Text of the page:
State & Actions

Holochain uses a hybrid global/local state model.

In our bio mimicry terms the global state is for "short term memory" and local state wraps references to "long term memory".

The global state is implemented as Redux style reducers. Any module can dispatch an action to the global state. The action will be "reduced" to a new state tree value by the modules responsible for each branch of the state tree. The response values from a reduction must be polled directly from the state tree in a thread using a "sensor" closure in an observer.

Actions are stateless/immutable data structures that are dispatched by modules to communicate a request to do something potentially state changing. Everything in the system should be either stateless or change state only in response to an incoming action.

The global state is called "short term memory" because it is highly dynamic, readily inspectable, and volatile. It does not survive indefinitely and is best thought of as a cache of recent history.

Local state is implemented using actors to co-ordinate memory and threads in Rust for external, persistent state. The classic example is a database connection to the database that stores entries and headers. The db actor receives read/write messages, and a reference to the sender is stored in the global state.

Actions

The action module defines actions and action wrappers:

  • ActionWrapper: struct contains a unique ID for the action and the Action
  • Action: enum of specific data to a given action, e.g. Action::Commit

Processing an incoming action is a 3 step process:

  1. Implement reduce to resolve and dispatch to a handler
  2. Resolve the action to an appropriate handler
  3. Implement handler logic

Reduce

The reduce implementation is essentially copypasta. It handles resolving and dispatching to a handler with a new state clone. The handler resolution and dispatch logic should be split to facilitate clean unit testing.


# #![allow(unused_variables)]
#fn main() {
pub fn reduce(
    old_state: Arc<FooState>,
    action_wrapper: &ActionWrapper,
    action_channel: &Sender<ActionWrapper>,
    observer_channel: &Sender<Observer>,
) -> Arc<AgentState> {
  let handler = resolve_action_handler(action_wrapper);
  match handler {
      Some(f) => {
          let mut new_state: FooState = (*old_state).clone();
          f(&mut new_state, &action_wrapper, action_channel, observer_channel);
          Arc::new(new_state)
      }
      None => old_state,
  }
}
#}

Resolve an appropriate handler

The action handler should map signals to action handlers.


# #![allow(unused_variables)]
#fn main() {
fn resolve_action_handler(
    action_wrapper: &ActionWrapper,
) -> Option<fn(&mut AgentState, &ActionWrapper, &Sender<ActionWrapper>, &Sender<Observer>)> {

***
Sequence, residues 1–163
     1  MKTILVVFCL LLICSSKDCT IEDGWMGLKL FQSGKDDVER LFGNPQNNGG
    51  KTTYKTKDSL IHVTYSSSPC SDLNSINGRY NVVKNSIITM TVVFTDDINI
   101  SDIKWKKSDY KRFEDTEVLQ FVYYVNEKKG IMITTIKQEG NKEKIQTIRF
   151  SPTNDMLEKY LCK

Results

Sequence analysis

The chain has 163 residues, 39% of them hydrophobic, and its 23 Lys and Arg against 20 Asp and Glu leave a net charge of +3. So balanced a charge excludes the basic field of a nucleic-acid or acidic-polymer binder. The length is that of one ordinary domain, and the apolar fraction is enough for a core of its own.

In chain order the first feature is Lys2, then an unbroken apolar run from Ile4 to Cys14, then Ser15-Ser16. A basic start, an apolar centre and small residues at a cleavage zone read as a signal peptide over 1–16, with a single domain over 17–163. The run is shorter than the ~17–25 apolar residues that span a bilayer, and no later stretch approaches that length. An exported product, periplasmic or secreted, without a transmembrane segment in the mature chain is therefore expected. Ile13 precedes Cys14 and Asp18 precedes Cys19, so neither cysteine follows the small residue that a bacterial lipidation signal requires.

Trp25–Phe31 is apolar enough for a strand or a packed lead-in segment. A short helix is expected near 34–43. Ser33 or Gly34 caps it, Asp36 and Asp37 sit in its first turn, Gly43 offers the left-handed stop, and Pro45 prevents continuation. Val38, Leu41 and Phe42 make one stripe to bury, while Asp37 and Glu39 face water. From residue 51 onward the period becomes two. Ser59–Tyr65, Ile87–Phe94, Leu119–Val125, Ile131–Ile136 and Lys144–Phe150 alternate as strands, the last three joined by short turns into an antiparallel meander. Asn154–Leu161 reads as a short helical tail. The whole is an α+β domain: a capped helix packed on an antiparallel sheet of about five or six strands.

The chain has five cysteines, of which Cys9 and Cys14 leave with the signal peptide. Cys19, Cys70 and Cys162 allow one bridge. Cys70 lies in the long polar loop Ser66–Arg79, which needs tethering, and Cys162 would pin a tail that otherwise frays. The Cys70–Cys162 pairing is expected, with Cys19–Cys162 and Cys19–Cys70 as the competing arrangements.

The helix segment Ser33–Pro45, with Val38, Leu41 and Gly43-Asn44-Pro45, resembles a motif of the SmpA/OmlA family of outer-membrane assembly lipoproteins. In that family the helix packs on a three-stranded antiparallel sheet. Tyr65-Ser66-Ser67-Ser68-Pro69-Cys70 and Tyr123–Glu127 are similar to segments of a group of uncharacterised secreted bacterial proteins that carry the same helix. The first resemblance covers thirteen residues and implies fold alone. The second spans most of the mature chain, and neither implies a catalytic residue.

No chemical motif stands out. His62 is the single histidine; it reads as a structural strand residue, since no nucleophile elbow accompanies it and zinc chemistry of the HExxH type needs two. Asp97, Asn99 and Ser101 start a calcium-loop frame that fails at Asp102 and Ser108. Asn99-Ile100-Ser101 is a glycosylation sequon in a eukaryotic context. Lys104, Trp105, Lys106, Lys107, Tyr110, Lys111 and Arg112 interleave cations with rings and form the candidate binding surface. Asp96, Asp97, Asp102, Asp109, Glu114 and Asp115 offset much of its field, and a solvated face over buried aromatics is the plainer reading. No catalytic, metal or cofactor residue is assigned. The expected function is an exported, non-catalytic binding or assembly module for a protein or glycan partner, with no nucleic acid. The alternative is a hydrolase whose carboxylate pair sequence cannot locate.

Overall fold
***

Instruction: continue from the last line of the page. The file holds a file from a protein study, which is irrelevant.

match action_wrapper.action() {
        Action::Commit(_, _) => Some(handle_commit),
        Action::Get(_) => Some(handle_get),
        _ => None,
    }
}
#}

Implement the handlers

Each handler should respond to one action signal and mutate the relevant state.

The standard pattern is to maintain a HashMap of incoming action wrappers against the result of their action from the perspective of the current module. Each action wrapper has a unique id internally so there will be no key collisions.


# #![allow(unused_variables)]
#fn main() {
fn handle_foo(
    state: &mut FooState,
    action_wrapper: &ActionWrapper,
    _action_channel: &Sender<ActionWrapper>,
    _observer_channel: &Sender<Observer>,
) {
    let action = action_wrapper.action();
    let bar = unwrap_to!(action => Action::Bar);

    // do something with bar...
    let result = bar.do_something();

    state
        .actions
        .insert(action_wrapper.clone(), ActionResponse::Bar(result.clone()));
}
#}

WARNING: Actions are reduced in a simple loop. Holochain will hang if you dispatch and block on a new action while an outer action reduction is also blocking, waiting for a response.

Global state

instance::Instance has a state::State which is the one global state. Each stateful module has a state.rs module containing sub-state slices.

See src/agent/state.rs and src/nucleus/state.rs and how they are put together in src/state.rs.

State is read from the instance through relevant getter methods:


# #![allow(unused_variables)]
#fn main() {
instance.state().nucleus().dna()
#}

and mutated by dispatching an action:


# #![allow(unused_variables)]
#fn main() {
let entry = Entry::new( ... );
let action_wrapper = ActionWrapper::new(&Action::Commit(entry));
instance.dispatch(action_wrapper);
#}

Instance calls reduce on the state with the next action to consume:


# #![allow(unused_variables)]
#fn main() {
pub fn consume_next_action(&mut self) {
    if self.pending_actions.len() > 0 {
        let action = self.pending_actions.pop_front().unwrap();
        self.state = self.state.clone().reduce(&action);
    }
}
#}

The main reducer creates a new State object and calls the sub-reducers:


# #![allow(unused_variables)]
#fn main() {
pub fn reduce(&mut self, action_wrapper: &ActionWrapper) -> Self {
    let mut new_state = State {
        nucleus: ::nucleus::reduce( ... ),
        agent: ::agent::reduce( ... )
    }

    new_state.history.insert(action_wrapper);
    new_state
}
#}

Each incoming action wrapper is logged in the main state history to facilitate testing and "time travel" debugging.

Sub-module state slices are included in state::State as counted references.

The sub-module reducer must choose to either:

  • If mutations happen, return a cloned, mutated state slice with a new reference
  • If no mutations happen, return the reference to the original state slice

The reduce copypasta above demonstrates this as the possible return values.

Redux in Rust code was used as a reference from this repository.

Local state

Coming Soon.


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